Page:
French police in mid-June expanded their investigation into the deaths of up to six patients who had taken a medication purporting to be a diuretic produced by Teva Phamaceuticals in France but that may have been a sleeping pill.
The French National Medicine Security Agency this week found no evidence of any mishandling or negligence at the Teva plant where the drug is packaged.
Furosemide, a diuretic, and zopicione, a sedative, are both produced and packaged at the Teva plant in Sens, southeast of Paris.
Israel’s Teva is the world’s largest producer of generic drugs.
A spokeswoman for the Paris prosecutor’s office told the Bloomberg news agency that six patients had died under circumstances linked to the case. The patients appear to have taken medicine labeled as furosemide, which is used to treat cardiac insufficiency, but which actually contained the sedative zopicione.
On Thursday the French newspaper Ouest France reported that counterfeit packages of the drug from India were seized last month at a warehouse in Quimper − located in Brittany, in the northwest of the country. Additional counterfeit packages purporting to contain the drug were confiscated elsewhere in France after arriving in the country via Charles de Gaulle airport in Paris, the newspaper reported.
Among the deaths was a 78-year-old man from southeastern France who had been suffering from fluid in the lungs. According to a report by the French newspaper Le Parisien, the man died after apparently taking a medicine labeled as a Teva’s furosemide but that may have actually been the sedative.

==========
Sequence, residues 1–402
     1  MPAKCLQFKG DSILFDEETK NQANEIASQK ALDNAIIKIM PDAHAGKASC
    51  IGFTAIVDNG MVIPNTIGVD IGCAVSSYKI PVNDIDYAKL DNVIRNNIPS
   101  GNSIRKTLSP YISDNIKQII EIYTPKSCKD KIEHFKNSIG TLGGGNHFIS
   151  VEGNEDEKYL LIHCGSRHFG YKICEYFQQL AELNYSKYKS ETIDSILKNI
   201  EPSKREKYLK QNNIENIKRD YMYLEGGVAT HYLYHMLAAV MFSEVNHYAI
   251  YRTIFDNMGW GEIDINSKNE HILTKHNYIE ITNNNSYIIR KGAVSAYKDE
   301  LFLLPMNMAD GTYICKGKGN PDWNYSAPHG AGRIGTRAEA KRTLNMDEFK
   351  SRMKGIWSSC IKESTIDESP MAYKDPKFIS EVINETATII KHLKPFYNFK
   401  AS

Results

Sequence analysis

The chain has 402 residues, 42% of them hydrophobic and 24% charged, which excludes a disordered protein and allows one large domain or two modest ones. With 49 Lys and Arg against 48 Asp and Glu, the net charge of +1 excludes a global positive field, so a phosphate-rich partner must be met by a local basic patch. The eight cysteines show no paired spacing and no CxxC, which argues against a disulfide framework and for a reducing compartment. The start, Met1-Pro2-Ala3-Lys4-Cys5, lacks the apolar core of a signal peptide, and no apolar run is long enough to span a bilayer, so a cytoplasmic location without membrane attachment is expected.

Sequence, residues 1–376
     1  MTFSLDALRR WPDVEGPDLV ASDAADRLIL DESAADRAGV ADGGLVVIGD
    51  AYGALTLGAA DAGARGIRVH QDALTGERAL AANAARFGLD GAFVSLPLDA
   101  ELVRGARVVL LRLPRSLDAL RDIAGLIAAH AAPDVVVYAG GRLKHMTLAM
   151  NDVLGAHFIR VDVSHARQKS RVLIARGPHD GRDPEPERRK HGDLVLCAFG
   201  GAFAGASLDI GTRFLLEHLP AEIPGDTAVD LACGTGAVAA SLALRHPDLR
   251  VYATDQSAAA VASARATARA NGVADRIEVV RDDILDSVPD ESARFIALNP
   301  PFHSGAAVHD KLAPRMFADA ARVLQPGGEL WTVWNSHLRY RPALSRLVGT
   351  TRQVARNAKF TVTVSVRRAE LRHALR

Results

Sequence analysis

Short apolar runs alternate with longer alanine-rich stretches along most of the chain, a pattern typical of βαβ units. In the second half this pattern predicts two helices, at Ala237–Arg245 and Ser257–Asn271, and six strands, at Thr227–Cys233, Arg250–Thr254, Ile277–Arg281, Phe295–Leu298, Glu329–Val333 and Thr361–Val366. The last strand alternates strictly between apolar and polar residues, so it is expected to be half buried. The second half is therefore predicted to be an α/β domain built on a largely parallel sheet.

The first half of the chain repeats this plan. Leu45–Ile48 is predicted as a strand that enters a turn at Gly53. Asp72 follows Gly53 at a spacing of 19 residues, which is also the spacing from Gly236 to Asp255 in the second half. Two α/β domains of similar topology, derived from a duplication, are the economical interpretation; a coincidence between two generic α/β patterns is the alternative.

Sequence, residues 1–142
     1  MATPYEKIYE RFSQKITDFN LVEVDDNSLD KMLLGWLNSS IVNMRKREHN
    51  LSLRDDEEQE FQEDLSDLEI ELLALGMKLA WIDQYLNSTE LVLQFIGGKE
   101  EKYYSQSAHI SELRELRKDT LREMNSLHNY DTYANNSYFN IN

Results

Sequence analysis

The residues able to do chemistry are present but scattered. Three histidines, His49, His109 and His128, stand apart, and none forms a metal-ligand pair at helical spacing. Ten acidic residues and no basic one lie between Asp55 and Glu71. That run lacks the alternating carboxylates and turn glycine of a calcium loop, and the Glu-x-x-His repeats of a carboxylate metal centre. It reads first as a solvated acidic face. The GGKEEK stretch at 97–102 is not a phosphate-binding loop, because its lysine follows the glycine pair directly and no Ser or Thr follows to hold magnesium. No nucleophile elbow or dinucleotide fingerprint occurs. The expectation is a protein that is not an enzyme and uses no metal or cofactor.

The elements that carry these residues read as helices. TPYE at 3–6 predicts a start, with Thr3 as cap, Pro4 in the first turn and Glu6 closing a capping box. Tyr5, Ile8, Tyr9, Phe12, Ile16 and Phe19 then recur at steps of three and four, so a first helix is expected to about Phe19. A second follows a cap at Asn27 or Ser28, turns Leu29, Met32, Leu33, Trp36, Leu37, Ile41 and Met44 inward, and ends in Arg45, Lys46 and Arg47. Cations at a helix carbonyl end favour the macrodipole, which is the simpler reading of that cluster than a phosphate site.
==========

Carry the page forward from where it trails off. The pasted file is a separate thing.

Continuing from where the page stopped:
On June 8 a 92-year-old man also died after taking a drug packaged as Teva’s diuretic. The man’s death came two days after the French pharmaceutical watchdog asked pharmacies to remove 190,000 boxes of product labeled as Teva’s furosemide from the shelves.
A Teva spokesman said at the time that the death was a local incident limited to France and that the company was conducting its own inquiry. Teva later stressed that the results of the drug agency investigation had found no evidence of wrongdoing at the Teva plant.
The drug security agency has asked patients who bought identified batches of the drug to return them to their pharmacies.
According to the agency, zopicione causes drowsiness and sleep that can last one or two days for elderly patients. It cited a risk of coma for patients already taking sedatives.
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